Active sunspot unleashes X-class solar flare, high-latitude aurora possible Friday
[...] What’s particularly interesting about this week’s eruptions is that the parent region is now near the center of the sun as we look at it, and it’s likely that a coronal mass ejection (CME) is now headed toward Earth thanks to the X2 flare.
Region 2297’s earlier eruptions occurred when it was in a less central position, so the launched CME would be, at worst, a side swipe for Earth’s magnetic field. The event on the afternoon of March 11, though, is much more likely to hit nearly head on.
High-latitude aurora watchers take note — the Space Weather Prediction Center is looking for minor magnetic storm activity on March 13. Plus, the sky will be relatively dark with the moon in its last quarter, so lunar light pollution is minimal. Get away from city lights for your best chance of seeing a glow.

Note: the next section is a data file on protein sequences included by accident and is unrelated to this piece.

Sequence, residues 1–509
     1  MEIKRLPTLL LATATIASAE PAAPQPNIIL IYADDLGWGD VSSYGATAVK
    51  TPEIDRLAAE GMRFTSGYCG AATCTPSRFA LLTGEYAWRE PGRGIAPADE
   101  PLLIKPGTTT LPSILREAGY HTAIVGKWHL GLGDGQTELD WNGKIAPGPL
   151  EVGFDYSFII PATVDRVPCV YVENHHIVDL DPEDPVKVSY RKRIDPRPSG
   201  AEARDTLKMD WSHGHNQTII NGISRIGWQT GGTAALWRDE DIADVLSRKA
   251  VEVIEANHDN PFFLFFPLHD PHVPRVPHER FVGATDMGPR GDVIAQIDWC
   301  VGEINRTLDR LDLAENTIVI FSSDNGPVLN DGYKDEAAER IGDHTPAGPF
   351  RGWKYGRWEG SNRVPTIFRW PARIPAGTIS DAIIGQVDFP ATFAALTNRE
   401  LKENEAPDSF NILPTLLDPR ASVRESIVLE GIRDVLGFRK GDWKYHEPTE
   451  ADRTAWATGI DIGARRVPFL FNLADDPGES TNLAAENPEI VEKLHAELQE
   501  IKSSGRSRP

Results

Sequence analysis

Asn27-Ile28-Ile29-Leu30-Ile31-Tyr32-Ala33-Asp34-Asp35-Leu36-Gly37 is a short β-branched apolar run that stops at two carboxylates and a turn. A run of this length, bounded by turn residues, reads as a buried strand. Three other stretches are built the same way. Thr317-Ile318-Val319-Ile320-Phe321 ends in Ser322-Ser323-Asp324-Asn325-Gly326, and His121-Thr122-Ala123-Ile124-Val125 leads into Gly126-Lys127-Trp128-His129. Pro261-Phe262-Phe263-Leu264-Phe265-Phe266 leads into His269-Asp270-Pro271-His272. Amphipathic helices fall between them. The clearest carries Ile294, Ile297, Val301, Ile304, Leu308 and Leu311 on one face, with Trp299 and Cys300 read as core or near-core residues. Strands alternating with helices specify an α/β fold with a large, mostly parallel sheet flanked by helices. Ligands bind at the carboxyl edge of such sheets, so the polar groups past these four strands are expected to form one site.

The days following may be even more disturbed if Region 2297 has more in it.
The Ides of March? The Roman soothsayers made dire predictions for Caesar. For us, just a head’s up that some nice northern lights may be coming.
Follow the link for a larger photo. I like how they put the earth on there, for scale. The flare itself is much larger than our small world.
If you are science-minded and want to monitor the progress of this sunspot, you can do so here.